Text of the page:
Justia U.S. 7th Circuit Court of Appeals Opinion Summaries

Articles Posted in White Collar Crime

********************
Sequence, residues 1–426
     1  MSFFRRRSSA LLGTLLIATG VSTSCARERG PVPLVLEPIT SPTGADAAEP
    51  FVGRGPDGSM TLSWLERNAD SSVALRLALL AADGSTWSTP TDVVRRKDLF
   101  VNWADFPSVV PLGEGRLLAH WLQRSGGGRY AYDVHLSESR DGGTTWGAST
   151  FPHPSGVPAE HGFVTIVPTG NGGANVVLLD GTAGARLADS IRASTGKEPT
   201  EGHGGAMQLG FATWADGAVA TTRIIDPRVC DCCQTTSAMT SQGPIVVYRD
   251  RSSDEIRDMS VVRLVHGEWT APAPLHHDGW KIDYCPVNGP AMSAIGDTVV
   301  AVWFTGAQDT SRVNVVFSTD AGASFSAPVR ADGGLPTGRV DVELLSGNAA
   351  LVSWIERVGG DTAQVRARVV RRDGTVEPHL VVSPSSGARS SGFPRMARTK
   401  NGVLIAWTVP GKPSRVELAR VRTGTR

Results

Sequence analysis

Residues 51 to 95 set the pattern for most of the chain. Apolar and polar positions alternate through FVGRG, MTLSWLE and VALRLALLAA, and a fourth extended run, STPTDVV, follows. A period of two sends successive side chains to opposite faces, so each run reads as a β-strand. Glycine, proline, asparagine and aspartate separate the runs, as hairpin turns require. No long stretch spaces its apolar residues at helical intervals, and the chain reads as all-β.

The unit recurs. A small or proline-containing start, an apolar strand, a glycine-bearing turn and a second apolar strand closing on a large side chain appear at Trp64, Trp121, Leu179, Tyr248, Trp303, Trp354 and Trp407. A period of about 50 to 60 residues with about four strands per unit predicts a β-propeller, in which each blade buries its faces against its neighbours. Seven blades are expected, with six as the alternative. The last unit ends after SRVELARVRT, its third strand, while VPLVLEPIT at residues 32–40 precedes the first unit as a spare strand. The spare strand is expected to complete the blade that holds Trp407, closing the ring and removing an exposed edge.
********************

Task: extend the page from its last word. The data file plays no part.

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From 2002-2008 Boliaux operated EMC, a used-car dealership. He borrowed money. Most loans were secured by the cars’ certificates of title. Because there should be only one title certificate per car, the dealer cannot transfer good title to a customer without paying the lender. In 2007 Boliaux persuaded state officials to issue duplicate certificates of title on the pretense that the originals had been lost. He obtained multiple loans against single vehicles, exceeding the cars’ market value and leaving the lenders under-secured. He sold cars without repaying the loans. After a lender detected this and impounded the collateral, Boliaux persuaded the custodian to release eight cars, which he sold for his own benefit. In 2008, Boliaux’s wife incorporated Joliet Motors, which Boliaux operated from the former EMC premises. Joliet Motors received installment payments from EMC customers but did not remit them to lenders. Boliaux began check kiting. He was convicted of four counts of wire fraud and six of bank fraud, 18 U.S.C. 1343, 1344, and sentenced to 48 months’ imprisonment. The Seventh Circuit affirmed, rejecting arguments that the evidence was insufficient on the wire fraud counts because he did not transmit anything by wire, and on the bank fraud counts because no one from the banks testified that the banks lost money. The district judge properly declined to instruct the jury that it had to agree, unanimously, how Boliaux carried out his scheme. View "United States v. Boliaux" on Justia Law